When he bought the dilapidated building that was to become The Merchant Hotel, the Tourist Board advised him that Belfast wasn’t ready for a hotel of such splendour. Now, it’s championed as one of the great hotels of the world….
"I found Bill to be contrarian in his thinking, irreverent, a maverick and a thoroughly beautiful human being." Barry Phillips
Aged 25, Niall McKeown started Ion Technologies creating what was at the time the world’s first email marketing engine with customers including Reuters, The European Bank. Goldman Sachs and Apple.
Today, he makes his living as a digital disruption expert/educator helping people throughout the world understand digital development strategies and how to use them to find new space. He is co-author of the book "The 7 Principles of Digital Business Strategy" and a Visiting Professor at the University of Ulster.
In this rapid pace wide-ranging interview, Niall explains why digital disruption is more about leadership than it is technology, why it's essential we stop believing anecdotes over evidence and why the electorate is to blame for the current mess at Stormont.
Richard was born in New Zealand and raised in a family of six boys and one girl. He studied in the US before embarking on a career playing the Bassoon for the Halle Orchestra, Manchester. It was here that he began his career in orchestral management which also took him to the Royal Northern College of Music and to the BBC Philharmonic Orchestra where for ten years he worked as general manager.
Richard accepted the post of Managing Director of the Ulster Orchestra in February 2016 at a time when there were big questions hanging over the financing of the orchestra.
Richard gives a fascinating insight into what it is like to manage so many creative and able people who have to work together in such a confined space. “Orchestras” he said “to be successful have to be “of the place”. His mission is to see that the Ulster Orchestra is “of Northern Ireland”.
Born in Whitehead June Burgess attended Belfast High School before studying Landscape Architecture in Gloucester. After a brief spell in Swansea as a surfer by day and a singer in a band at night she eventually re-located back to Northern Ireland to work as the lead consultant on the landscaping for Clarendon Docks a £3million state of the art re-development project.
In 2006 she established the national horse jumping trials in Northern Ireland which developed into an international event for a while afterwards covered by Sky sports and attracting competitors from all over the world.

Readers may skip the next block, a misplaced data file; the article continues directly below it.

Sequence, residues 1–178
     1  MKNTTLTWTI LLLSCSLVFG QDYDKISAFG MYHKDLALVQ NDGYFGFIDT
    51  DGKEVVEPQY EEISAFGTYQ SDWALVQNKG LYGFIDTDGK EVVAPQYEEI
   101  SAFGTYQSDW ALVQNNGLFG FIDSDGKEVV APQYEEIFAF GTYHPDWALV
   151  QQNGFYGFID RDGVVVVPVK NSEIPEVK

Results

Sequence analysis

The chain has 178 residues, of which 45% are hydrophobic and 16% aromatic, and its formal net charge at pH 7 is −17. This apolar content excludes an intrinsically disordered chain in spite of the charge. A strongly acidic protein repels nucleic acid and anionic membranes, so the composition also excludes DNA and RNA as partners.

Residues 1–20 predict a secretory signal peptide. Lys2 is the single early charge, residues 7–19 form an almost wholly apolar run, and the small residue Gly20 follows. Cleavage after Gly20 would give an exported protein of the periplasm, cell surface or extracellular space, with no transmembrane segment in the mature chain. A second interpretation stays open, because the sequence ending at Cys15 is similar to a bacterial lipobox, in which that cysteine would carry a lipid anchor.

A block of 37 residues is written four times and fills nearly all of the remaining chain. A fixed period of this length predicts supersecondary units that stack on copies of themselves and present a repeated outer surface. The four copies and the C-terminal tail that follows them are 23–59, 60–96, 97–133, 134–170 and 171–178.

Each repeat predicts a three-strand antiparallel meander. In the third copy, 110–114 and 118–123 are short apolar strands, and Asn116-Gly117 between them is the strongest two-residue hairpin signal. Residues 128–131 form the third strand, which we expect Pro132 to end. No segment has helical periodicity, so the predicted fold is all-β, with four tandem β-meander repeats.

In 2008 she and her husband began plans to change an old concrete car park on a street corner with Great Victoria Street into what was to become Belfast’s first contemporary look five-star hotel. The Fitzwilliam Hotel sports a Manhattan Manor House style in its 120+ bedrooms and remains to this day the preferred choice of clients for many of Belfast most celebrated visitors.
Tune in to find out the one thing June would change about Northern Ireland first of all, how she smiles “with all four cheeks” and just how she prepared for her Tedx Talk at Stormont.
Mary McKenna MBE
Mary McKenna MBE co-founded successful Northern Irish e-learning company Learning Pool following a long public sector career and a spell as a Silicon Valley dot-commer. She now invests in early-stage tech startups, is Entrepreneur in Residence at Catalyst in Belfast and she was recently voted into the Maserati Top One hundred entrepreneurs currently disrupting the business world.
Her journey is fascinating. Her weekly work schedule exhausting. Never one to hold back, this interview is a must for anyone wanting advice on how to start a business and make life a success.
Famed for her presence on social media (she tweets an average of 25+ times a day) she explains she was person No.5 in the UK to own a mobile phone whilst working for BT. “It had a battery that took up most of my car boot” she explains. But that was her hooked on mobile communication. “I live my life online” she says “online is the real world”.
And guess what she had to do to get that selfie with Michael Dell? Listen to find out…
Martin Gilchrist is probably one of Northern Ireland's best-networked professionals. He has a huge following on social media and is known for saying there are so many networking events going on in Belfast that "you could eat breakfast, lunch and dinner for free every working day".
As an accountant, he specialises in business start-ups and SMEs in Northern Ireland and has worked closely in this same field with Business in the Community, Digital Circle and the Social Media Association for Business, of which he was a founding member. He's a former Chairman of the Board of Down Business Park and lives with his wife Michelle and son James not far from Strangford Lough.
In this candid interview, he explains why it is he aims to ask the first question every time he attends a seminar or workshop and just how he manages to go "off grid" from the world of social media in his own very special way.
Born in Sri Lanka Sheree was raised in Coalisland, County Tyrone, after she and her brother were adopted by an Irish couple at just 3 weeks old. In 2013 Sheree introduced “Women who code in the UK” founding the branches in Belfast, London and Bristol. Women who code is a global non-profit, with over 100,000 members designed to attract more females into the coding industry. She has spoken at numerous international conferences most recently at the World Economic Forum in Davos. Sheree is just 26.
In this frank interview she talks about the treatment of women in the tech industry, dealing with nerves when public speaking and how you can be a great leader at any age.
Born in Belfast, Tina McKenzie failed her 11+ and went on to become a multi-award winning business leader in Northern Ireland. As MD of Staffline, she has led them from a cold start to £40 million turnover in less than four years. In this interview, she talks about how she takes her big decisions in life, reflects on what happened with NI21 and outlines her plans for the future.
A successful criminal defence barrister for many years, Gavan is now a serial entrepreneur owning a stream of SPAR and Subway stores across North Belfast. In a remarkably candid interview, Gavan talks about the only defendant ever to truly scare him, paying protection money and dealing with employees who steal. What he has to say about how to walk into the house every evening, even after a long hard day at work, is advice every parent should follow.
David was head of the CBI in Northern Ireland when he gave this interview. Never one to shy away from saying what he’s thinking David, shares his controversial views on how to build a Belfast that really packs a punch. He provides an insight into how he manages to hold down so many senior roles in both the business and community worlds whilst being a parent to eight children.